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Neonatal Prediction Models: Estimating Survival for Preterm Infants :

December 17, 2020

Predictive modeling design and validation is an important yet complex topic.

Predictive modeling design and validation is an important yet complex topic. In general, prediction models are developed to guide clinical decision-making and to inform individuals about their risks of having or developing a particular clinical outcome of interest. While not a substitute for clinical experience, if used correctly, these models have the potential to provide objective data and reduce bias in clinical decision-making.

In the neonatology domain, well known prediction models are the Clinical Risk Index for Babies (CRIB) II score,1 Score for Neonatal Acute Physiology-II (SNAP-II),2 and the Eunice Kennedy Shriver National Institute of Child Health and Human Development (NICHD) tool.3,4 As predictive models continue to emerge, it is critical that new and updatedmodels reflect improved levels in neonatal care over time.

Until recently, existing prediction formulas for neonatal survival had been mostly developed in the 1990’s or the 2000’s. In this issue of Pediatrics (10.1542/peds.2020-004812), Dr. Hye Won Park and colleagues present a new model to predict in-hospital mortality after 24 hours of life in very low birth weight infants. The authors use a prospective registry of infants born between 2013 and 2017 to develop the prediction formula. The model is based on data from the Korean Neonatal Network and uses multiple perinatal factors obtained within 1-2 hours after birth. Despite some limitations to the study, the authors took steps to comprehensively validate the formula with both an internal cohort and independent external population. To find out how the model performed, link to this interesting study to learn more.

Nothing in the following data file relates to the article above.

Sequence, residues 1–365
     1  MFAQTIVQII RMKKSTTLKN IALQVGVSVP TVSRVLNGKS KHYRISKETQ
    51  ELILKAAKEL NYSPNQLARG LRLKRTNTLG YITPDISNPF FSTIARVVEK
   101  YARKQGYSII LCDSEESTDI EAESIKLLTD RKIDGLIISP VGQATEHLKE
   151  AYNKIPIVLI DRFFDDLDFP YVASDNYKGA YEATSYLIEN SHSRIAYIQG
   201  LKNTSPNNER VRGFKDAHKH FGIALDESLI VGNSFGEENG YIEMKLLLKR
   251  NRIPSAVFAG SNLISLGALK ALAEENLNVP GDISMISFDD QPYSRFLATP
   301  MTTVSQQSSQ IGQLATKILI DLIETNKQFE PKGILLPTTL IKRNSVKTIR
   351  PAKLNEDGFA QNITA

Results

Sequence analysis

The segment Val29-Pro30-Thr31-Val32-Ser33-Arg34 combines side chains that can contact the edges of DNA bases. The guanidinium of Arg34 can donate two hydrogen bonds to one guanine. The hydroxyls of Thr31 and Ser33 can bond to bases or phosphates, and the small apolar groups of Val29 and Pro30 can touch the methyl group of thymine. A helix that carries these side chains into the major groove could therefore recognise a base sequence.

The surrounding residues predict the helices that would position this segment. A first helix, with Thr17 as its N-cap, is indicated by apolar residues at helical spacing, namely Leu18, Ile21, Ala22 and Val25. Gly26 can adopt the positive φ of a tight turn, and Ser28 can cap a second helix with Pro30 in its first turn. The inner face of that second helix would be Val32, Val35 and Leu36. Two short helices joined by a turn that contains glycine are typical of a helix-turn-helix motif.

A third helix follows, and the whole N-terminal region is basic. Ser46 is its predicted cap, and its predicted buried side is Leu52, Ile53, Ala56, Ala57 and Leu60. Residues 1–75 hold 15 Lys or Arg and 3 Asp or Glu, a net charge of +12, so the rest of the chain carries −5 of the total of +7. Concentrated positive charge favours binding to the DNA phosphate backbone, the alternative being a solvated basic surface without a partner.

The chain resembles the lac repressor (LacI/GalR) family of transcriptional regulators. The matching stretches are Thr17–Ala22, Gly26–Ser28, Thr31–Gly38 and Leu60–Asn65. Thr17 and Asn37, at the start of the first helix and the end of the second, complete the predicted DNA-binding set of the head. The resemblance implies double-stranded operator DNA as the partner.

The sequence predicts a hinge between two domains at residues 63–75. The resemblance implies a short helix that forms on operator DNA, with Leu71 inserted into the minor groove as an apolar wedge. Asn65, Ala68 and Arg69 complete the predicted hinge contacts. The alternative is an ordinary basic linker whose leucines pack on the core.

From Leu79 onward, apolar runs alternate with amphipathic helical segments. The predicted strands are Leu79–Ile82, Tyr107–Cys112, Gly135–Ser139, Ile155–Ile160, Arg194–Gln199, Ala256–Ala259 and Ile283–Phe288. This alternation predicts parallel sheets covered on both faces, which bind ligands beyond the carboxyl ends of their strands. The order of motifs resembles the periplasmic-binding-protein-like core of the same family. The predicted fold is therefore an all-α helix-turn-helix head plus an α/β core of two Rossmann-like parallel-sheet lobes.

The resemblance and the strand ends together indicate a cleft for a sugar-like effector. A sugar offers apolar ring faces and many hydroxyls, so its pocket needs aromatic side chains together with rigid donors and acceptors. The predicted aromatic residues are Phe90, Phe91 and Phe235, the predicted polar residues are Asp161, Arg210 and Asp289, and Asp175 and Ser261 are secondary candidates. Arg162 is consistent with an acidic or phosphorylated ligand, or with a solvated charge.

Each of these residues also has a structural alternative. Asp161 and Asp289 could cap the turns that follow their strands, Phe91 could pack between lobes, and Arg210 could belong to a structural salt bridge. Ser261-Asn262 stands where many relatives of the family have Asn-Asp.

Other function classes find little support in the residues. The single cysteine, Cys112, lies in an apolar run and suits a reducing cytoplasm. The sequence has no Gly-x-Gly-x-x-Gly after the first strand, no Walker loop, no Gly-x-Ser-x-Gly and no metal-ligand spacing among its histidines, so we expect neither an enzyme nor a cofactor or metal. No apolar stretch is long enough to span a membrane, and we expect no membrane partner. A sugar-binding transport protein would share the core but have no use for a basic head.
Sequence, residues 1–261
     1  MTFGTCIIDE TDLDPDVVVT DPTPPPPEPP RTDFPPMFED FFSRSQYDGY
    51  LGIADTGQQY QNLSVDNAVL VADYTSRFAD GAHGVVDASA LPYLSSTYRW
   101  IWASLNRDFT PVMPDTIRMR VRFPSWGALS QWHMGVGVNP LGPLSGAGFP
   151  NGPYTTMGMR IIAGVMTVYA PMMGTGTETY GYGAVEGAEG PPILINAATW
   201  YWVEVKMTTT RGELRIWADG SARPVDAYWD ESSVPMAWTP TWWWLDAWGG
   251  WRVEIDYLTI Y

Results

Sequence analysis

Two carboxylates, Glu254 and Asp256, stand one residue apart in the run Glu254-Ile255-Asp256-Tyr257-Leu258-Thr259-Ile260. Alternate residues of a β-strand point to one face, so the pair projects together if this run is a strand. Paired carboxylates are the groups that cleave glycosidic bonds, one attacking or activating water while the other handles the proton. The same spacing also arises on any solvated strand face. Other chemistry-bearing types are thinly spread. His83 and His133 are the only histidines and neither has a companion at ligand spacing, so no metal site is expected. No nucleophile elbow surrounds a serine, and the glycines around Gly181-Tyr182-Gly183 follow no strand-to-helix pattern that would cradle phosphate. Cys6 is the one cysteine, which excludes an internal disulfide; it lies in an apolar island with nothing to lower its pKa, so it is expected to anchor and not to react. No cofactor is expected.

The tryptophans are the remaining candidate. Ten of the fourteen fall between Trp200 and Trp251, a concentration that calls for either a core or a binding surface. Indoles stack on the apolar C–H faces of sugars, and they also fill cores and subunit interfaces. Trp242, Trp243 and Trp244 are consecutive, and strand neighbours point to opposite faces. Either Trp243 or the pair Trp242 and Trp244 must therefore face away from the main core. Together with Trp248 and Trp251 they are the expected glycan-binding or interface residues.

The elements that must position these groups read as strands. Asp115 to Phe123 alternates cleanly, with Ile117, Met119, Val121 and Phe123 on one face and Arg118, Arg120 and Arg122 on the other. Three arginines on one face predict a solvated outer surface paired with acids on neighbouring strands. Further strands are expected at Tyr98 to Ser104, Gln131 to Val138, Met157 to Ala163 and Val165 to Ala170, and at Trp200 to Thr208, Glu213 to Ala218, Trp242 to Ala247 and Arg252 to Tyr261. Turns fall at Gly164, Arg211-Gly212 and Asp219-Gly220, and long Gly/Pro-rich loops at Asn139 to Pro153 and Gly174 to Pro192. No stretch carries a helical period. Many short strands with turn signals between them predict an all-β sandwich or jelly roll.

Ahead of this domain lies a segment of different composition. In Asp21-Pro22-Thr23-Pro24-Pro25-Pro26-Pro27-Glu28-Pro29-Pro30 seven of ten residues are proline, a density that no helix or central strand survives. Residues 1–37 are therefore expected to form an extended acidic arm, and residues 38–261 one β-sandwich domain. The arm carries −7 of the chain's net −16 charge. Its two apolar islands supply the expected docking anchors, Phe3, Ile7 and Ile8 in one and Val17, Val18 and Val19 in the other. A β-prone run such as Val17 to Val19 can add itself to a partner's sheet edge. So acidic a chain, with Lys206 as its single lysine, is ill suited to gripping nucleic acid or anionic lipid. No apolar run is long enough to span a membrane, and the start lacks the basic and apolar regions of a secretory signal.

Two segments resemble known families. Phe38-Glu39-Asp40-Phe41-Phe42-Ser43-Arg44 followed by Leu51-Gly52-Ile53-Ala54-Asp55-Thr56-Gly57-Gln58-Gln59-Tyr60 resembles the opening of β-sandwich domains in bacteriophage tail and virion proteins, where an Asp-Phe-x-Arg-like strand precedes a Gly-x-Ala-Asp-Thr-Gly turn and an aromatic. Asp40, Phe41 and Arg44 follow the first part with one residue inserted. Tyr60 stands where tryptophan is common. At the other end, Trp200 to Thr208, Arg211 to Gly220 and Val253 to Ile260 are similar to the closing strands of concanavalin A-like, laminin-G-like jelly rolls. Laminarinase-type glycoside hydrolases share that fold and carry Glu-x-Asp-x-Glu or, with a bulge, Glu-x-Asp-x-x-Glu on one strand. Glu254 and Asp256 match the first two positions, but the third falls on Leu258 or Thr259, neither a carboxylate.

Moving forward, as we update and build on the last 20 years of neonatal mortality prognostic models, it is imperative that we, the scientific community, develop and implement processes to determine when and how these new methods should be used. While it is impossible to study all prediction models, additional research should focus on validation of existing models, and an evaluation of the impact of a chosen prediction model on clinical decision-making and neonatal outcomes.   


  1. Parry G, Tucker J, Tarnow-Mordi W, Group UNSSC. CRIB II: an update of the clinical risk index for babies score. Lancet. May 2003;361(9371):1789-91. doi:10.1016/S0140-6736(03)13397-1
  2. Richardson DK, Corcoran JD, Escobar GJ, Lee SK. SNAP-II and SNAPPE-II: Simplified newborn illness severity and mortality risk scores. J Pediatr. Jan 2001;138(1):92-100. doi:10.1067/mpd.2001.109608
  3. Horbar JD, Onstad L, Wright E. Predicting mortality risk for infants weighing 501 to 1500 grams at birth: a National Institutes of Health Neonatal Research Network report. Crit Care Med. Jan 1993;21(1):12-8. doi:10.1097/00003246-199301000-00008
  4. Rysavy MA, Horbar JD, Bell EF, et al. Assessment of an Updated Neonatal Research Network Extremely Preterm Birth Outcome Model in the Vermont Oxford Network. JAMA Pediatr. May 2020;174(5):e196294. doi:10.1001/jamapediatrics.2019.6294
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